‘The Pandemic Will End’

School of Pharmacy

This is the final installment of our Q&A with President Biden COVID Task Force advisor, UCSF's Dr. Eric Goosby.

Synapse: And finally, the question that probably everybody wants to know the answer to: Do you think this pandemic will ever end? And if so, how do you think it will end?

Dr. Goosby: I do think that it will end.

The rate of mutation with the number of cases that we have in the United States is at its highest point ever. If the cases were lower, there would be fewer mutations occurring spontaneously.

Way up here with the cases, we are continuing to churn mutants. That’s what viruses do. They’re constantly looking for an advantage in an environmental difference or in a change in the way that they enter and metabolize within the environment — something that gives them a reproductive advantage.

Either they can attach more efficiently to cells that they infect, or they don’t kill the cells they infect, they live in them longer, and propagate better.

Or when they are released as little baby viruses, they have some trophic advantage to other cells in the body that again gives them a survival advantage.

That is going on with every virus every time it divides. It divides every six hours, so four times a day, you’re having each population go through F1, F2, F3, F4, giving you each time an opportunity to create a new mutation that may or may not have an advantage to the virus.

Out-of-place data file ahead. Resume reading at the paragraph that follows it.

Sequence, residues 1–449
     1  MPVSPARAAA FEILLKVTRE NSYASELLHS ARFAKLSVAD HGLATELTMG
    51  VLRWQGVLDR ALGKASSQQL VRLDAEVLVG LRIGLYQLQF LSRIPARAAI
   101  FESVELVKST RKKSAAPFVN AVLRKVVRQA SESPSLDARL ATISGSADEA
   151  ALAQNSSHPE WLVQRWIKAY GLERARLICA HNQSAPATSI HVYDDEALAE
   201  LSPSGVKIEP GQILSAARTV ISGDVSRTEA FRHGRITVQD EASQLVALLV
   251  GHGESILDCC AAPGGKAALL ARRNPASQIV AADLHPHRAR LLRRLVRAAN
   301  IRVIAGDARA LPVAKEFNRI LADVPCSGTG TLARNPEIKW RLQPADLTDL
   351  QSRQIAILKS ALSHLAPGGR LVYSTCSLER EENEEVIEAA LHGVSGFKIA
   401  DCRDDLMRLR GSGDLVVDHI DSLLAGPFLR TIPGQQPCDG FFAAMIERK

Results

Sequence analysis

The other mutative gradient that could occur is that they become less virulent. They don’t attach as well.

And they mutate themselves out of a threat. That’s what happened to H1N1 in 2009. That’s what happened to SARS in 2003.

We don’t know how to predict which way it’ll go, and it could go that way today, you know, in the mutation that occurs. So that’s always a possibility — that we can favor a strain that is less infective to humans, and that dominates in the United States.

It has to have some advantage, but maybe not an infectivity advantage. So that’s the other thought.

Singapore and Hong Kong jumped on it and contained it, and they also demonstrated that they’ve been able to maintain it. So, we have models.

We are not in the place where we can fully realize the power of contact tracing in containing an outbreak, but we’ll get back to that as the total numbers drop.

A sincere thank you and heartfelt appreciation to Dr. Goosby for sharing his thoughts on the COVID-19 advisory board and coronavirus pandemic.